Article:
“I will be voting to curtail the Government’s powers in this area” – MP backlash begins

MPs are beginning to suspect they know what ministers have replaced Parliament with

Sir Charles Walker, the Vice Chairman of the influential Conservative 1922 committee of MPs, slammed the new restrictions on social gatherings saying he would vote to “curtail” the Government’s powers. The Telegraph has the story.

The changes will impose a legal limit on gatherings in private homes, parks, pubs and restaurants and will come into force in England on Monday.

Sir Charles argued that ministers needed to come to the Commons and “win the argument” on policies, admitting he was “increasingly uncomfortable” about the way the Government was running.

He said: “I am incredibly exercised about the continued use by the Government of powers that we granted it six months ago admittedly, to basically restrict people’s civil liberties without any recourse back to Parliament.

“Now these powers are due to be reviewed at the end of September, or the beginning of October, and hopefully there will be another vote on them.

“And I will be voting – if given the chance to vote in this rather strange Parliament – to curtail the Government’s powers in his area.”

Commons Speaker Sir Lindsay Hoyle was visibly livid that Matt Hancock had failed to make the announcement in the chamber first:

It is really not good enough for the Government to make decisions of this kind in the way which show insufficient regard to the importance of major policy announcements being made first in this House. I’ve already sent a letter to the Secretary of State. I think the total disregard for this Chamber is not acceptable. I know the Prime Minister is a Member of Parliament as well and he will ensure that statements should be made here first.

The Government has clarified that – for now – the restrictions apply specifically to private gatherings in homes, restaurants, parks and so on (see here and here). They do not affect workplaces, schools, churches, etc. But for how long? The Prime Minister seems to be abandoning his earlier hope of getting back to normal by Christmas, with chief medical officer Chris Whitty warning that “people shouldn’t see this as a very short term thing” and it is “very unlikely to be just over in two or three weeks”.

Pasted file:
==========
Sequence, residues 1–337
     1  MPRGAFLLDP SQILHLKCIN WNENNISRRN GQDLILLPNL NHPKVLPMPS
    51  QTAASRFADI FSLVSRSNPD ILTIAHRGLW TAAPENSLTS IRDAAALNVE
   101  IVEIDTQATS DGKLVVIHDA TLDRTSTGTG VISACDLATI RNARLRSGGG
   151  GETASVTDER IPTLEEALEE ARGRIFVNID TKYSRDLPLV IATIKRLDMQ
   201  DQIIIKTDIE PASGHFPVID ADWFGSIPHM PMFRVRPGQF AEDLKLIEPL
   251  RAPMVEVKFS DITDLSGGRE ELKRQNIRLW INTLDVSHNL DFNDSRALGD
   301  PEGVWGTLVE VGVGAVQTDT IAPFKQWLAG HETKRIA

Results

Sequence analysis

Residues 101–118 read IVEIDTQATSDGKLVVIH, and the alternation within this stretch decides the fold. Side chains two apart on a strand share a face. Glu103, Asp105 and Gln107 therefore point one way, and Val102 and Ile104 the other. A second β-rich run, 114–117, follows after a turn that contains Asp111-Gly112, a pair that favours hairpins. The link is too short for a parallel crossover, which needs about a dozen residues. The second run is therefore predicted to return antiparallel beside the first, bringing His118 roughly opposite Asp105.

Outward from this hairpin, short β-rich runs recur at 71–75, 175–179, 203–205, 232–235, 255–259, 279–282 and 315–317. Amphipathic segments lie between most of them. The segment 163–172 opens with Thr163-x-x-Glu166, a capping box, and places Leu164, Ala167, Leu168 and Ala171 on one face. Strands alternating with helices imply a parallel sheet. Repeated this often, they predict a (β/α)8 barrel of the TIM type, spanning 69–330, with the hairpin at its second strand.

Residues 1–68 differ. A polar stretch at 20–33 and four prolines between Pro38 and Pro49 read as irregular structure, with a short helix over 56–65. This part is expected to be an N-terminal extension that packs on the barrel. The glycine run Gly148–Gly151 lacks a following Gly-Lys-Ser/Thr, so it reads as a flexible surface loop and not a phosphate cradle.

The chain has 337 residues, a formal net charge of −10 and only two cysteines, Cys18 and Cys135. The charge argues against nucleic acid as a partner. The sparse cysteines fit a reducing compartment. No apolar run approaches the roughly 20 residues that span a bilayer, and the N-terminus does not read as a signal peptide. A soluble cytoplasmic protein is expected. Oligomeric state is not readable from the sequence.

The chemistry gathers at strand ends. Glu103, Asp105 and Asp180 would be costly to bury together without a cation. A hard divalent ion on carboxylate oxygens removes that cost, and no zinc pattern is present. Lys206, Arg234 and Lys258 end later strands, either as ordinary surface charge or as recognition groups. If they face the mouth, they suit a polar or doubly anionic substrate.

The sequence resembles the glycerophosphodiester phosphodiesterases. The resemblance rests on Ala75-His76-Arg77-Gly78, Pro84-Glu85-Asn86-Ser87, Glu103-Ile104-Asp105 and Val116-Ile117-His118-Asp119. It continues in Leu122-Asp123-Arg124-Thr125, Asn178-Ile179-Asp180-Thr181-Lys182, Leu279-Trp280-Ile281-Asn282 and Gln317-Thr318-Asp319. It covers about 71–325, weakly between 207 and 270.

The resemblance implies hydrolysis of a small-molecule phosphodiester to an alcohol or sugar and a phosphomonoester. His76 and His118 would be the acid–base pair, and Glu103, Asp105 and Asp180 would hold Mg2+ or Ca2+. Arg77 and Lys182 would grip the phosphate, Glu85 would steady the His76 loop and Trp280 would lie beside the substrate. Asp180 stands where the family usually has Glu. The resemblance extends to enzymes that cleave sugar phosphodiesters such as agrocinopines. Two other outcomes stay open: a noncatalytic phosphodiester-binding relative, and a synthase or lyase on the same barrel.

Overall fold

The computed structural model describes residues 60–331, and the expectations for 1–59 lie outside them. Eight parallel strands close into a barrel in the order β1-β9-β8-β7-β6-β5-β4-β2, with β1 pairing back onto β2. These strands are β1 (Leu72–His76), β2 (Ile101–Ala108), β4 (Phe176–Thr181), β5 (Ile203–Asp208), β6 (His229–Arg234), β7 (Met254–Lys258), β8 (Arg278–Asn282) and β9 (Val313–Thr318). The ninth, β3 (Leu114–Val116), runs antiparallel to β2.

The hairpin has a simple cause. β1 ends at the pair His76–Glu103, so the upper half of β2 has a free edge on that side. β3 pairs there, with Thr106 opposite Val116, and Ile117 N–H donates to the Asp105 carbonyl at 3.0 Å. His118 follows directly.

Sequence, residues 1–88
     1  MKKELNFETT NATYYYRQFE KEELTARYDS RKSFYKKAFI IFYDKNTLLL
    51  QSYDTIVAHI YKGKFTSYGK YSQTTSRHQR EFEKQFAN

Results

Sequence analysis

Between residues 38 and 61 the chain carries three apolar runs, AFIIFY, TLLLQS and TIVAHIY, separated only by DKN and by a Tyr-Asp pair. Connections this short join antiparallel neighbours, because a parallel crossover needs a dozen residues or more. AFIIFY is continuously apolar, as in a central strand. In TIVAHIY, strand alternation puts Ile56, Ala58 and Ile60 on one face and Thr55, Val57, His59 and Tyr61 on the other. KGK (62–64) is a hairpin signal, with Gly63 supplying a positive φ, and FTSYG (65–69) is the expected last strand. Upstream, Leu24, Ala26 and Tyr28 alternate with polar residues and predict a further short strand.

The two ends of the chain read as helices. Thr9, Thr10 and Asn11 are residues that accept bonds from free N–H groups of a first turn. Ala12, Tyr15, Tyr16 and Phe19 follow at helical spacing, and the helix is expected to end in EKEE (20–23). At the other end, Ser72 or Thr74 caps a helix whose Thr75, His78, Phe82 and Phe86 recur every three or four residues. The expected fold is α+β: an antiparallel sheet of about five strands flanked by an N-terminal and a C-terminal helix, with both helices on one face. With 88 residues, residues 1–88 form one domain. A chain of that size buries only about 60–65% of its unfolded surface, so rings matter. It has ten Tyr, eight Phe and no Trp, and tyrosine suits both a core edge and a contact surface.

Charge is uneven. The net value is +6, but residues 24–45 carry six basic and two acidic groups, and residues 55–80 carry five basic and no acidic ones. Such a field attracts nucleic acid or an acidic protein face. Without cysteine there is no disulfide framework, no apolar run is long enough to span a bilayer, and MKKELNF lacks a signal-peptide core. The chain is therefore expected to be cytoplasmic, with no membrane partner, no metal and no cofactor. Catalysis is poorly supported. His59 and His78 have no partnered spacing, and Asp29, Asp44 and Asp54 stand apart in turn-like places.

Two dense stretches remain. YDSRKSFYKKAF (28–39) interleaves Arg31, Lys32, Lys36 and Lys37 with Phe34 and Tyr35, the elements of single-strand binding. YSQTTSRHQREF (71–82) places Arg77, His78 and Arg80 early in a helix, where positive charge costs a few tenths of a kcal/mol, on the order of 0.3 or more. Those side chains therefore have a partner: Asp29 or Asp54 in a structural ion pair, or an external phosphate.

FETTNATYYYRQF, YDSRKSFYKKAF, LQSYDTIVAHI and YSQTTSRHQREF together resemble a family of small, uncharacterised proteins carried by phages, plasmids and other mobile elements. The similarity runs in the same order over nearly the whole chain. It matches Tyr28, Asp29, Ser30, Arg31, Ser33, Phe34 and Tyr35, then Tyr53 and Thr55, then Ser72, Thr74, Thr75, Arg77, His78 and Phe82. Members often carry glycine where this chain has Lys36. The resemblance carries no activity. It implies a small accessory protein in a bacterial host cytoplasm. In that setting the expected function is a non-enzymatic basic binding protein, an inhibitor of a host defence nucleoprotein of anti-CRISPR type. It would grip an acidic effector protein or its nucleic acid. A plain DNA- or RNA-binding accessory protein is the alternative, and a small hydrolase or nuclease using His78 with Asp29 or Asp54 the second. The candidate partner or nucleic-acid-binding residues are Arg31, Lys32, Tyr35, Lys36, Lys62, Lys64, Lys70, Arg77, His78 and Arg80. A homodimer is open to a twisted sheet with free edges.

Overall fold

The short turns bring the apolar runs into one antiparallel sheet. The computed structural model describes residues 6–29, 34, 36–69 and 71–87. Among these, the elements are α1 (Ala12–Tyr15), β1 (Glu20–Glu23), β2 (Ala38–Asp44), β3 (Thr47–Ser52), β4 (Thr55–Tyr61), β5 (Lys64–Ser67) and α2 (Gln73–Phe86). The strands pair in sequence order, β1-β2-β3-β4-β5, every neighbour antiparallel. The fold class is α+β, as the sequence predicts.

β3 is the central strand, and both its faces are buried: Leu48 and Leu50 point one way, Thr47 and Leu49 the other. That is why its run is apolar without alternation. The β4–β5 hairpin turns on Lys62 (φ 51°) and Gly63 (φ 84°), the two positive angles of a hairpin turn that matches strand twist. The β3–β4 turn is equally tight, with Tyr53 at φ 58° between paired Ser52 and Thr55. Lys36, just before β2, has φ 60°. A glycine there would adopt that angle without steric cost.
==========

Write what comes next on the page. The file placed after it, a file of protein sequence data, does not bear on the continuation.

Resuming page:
The reason? Because “cases” (actually positive PCR tests – almost none of these people are unwell) have been approaching 3,000 in recent days. But even the BBC has pointed out that this spike is a result of the massive increase in testing (Toby wrote about this in the Telegraph here). There is no corresponding rise in hospital admissions and deaths. Here’s today’s graph:

COVID-19 patients in hospital, UK

As the three eminent scientists, Paul Kirkham, Mike Yeadon and Barry Thomas wrote on Lockdown Sceptics yesterday: “Daily deaths from and with COVID-19 have almost ceased, having fallen over 99% from peak. All the numbers monitored carefully fall like this, too: the numbers being hospitalised, numbers in hospital, number in intensive care – all are falling in synchrony from the April peak… The evidence we’ve presented leads us to believe there is unlikely to be a second wave.”

Global daily COVID-19 deaths in sustained decline (Worldometer)

The COVID-19 epidemic is over in the UK. Any further local outbreaks are very likely to be well within health service capacity. COVID-19 was never a peculiarly deadly disease and we have anyway become much better at treating its more serious forms. Now is not the time to increase restrictions. It is time to declare the epidemic at an end and return to normality. Happily, more and more MPs appear to agree.